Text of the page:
8 June 2004
The Chief Executive
All authorized institutions
Dear Sir / Madam,
I am writing to inform you that the HKMA is issuing today a revised version of the Supplement to the Guideline on Prevention of Money Laundering which takes into account the revised Forty Recommendations issued by the Financial Action Task Force on Money Laundering (FATF) in June 2003 and some further refinements, together with a set of Interpretative Notes which provide practical guidance on implementing the requirements of the Supplement and explain the use of a risk-based approach. These have been developed in collaboration with an Industry Forum comprising representatives from the HKMA, the Hong Kong Association of Banks and the DTC Association. The two documents, which form part of the Guideline on Prevention of Money Laundering, will be published shortly by notice in the Gazette under Section 7(3) of the Banking Ordinance.
The Supplement sets out the latest "Know-Your-Customer" principles, taking account of the requirements of the paper "Customer Due Diligence for Banks" issued by the Basel Committee on Banking Supervision in October 2001 and the revised FATF Forty Recommendations. Major changes since the earlier version of the Supplement include the use of simplified due diligence procedures for domestic retail customers, subsidiaries of listed companies and state-owned enterprises, and the application of a practical approach to private banking customers and to the use of intermediaries.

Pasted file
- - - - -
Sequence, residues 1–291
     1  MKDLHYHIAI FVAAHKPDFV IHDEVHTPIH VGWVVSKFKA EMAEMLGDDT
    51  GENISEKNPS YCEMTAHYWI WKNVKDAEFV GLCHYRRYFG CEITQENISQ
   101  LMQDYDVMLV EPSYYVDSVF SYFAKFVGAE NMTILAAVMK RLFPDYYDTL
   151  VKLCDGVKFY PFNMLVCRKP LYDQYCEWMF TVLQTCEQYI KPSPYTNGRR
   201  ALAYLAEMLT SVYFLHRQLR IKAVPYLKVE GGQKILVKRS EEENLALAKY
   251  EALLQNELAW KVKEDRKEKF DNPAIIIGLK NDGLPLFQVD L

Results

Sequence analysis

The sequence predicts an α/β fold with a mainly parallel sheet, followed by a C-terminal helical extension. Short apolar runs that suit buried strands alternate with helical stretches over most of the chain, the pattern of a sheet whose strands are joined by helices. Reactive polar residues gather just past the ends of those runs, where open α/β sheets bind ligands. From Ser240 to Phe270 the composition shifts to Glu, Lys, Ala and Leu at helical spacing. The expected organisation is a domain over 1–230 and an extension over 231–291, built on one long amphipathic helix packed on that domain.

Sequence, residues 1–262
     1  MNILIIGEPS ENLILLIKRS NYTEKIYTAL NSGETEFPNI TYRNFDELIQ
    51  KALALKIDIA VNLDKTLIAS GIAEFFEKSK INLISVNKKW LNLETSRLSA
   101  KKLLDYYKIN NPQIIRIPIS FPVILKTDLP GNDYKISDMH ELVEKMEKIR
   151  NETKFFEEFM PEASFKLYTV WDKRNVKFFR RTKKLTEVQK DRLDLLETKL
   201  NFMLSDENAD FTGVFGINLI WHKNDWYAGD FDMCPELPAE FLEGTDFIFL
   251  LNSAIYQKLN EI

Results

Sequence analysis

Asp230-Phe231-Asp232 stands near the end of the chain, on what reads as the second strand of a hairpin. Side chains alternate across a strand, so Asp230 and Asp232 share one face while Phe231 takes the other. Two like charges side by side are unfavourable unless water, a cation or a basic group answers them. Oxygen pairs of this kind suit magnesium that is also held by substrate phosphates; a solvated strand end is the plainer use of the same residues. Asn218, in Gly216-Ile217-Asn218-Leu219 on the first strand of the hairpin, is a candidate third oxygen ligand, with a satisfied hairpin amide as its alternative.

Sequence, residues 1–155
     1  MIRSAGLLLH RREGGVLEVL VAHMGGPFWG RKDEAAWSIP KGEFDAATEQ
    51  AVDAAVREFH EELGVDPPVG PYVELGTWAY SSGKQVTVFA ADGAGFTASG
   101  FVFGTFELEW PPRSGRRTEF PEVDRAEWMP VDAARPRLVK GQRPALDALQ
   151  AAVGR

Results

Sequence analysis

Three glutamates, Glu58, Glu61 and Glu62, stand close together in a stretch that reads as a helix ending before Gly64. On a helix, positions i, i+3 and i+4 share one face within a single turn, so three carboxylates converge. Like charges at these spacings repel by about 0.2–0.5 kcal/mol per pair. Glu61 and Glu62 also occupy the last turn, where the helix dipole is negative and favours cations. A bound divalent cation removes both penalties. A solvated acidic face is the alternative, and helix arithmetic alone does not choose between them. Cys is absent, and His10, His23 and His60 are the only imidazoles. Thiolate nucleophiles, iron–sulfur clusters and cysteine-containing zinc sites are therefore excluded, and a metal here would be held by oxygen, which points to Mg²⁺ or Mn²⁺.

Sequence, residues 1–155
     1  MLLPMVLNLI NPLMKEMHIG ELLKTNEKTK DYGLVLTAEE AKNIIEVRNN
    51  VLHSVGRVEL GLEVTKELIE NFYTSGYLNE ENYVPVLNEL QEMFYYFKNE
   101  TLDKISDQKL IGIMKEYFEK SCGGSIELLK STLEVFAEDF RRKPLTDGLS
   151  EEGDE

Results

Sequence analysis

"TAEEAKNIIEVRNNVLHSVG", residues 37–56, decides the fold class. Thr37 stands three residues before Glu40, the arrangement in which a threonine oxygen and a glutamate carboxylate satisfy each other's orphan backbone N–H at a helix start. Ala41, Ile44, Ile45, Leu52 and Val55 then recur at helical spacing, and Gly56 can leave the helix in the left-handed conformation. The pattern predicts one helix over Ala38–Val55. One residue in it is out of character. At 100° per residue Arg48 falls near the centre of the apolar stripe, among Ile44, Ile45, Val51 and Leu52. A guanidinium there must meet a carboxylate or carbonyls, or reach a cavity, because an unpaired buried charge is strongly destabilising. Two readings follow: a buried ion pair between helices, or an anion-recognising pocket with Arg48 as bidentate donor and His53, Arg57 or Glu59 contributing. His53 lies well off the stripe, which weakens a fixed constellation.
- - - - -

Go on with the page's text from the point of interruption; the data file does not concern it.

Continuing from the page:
The HKMA expects authorized institutions to review and revise, as appropriate, their policies and procedures on the prevention of money laundering so as to comply with the requirements stipulated in the Supplement as soon as possible, and in any case not later than 31 December 2004. Failure to adhere to such requirements is a serious matter and may result in supervisory actions being taken.
It should be noted that the revised FATF Forty Recommendations suggest that the basic obligations relating to customer due diligence, record keeping and reporting of suspicious transactions should be put into law. In Hong Kong, although the obligation to report suspicious transactions has already been laid down in law, the legislative process to put the other two obligations into law will take some time. These two obligations are, nonetheless, set out in the Guideline and the Supplement as supervisory requirements. AIs should ensure compliance with these requirements. Failure to do so may expose AIs and individuals not only to possible supervisory actions but also, to possible criminal prosecution when the new legislation comes into effect. AIs are therefore expected to devote adequate resources to implementing the requirements of the Guideline and the Supplement. This may require some system changes and more specialists and expertise than they may presently have.
Meanwhile, we are preparing a structured self-assessment framework to facilitate AIs' regular assessment of the extent of their compliance with the relevant supervisory requirements. This self-assessment framework will be distributed to AIs in due course.
Should you have any questions relating to the Supplement and the Interpretative Notes, please feel free to contact Mr Angus Chan on 2878-1287 or Mr Edmund Leung on 2878-8281. On-line access to these two documents is available under the icon of "Circulars and Guidelines" in the HKMA's public (http://www.hkma.gov.hk) and private web-sites.
Executive Director (Banking Policy)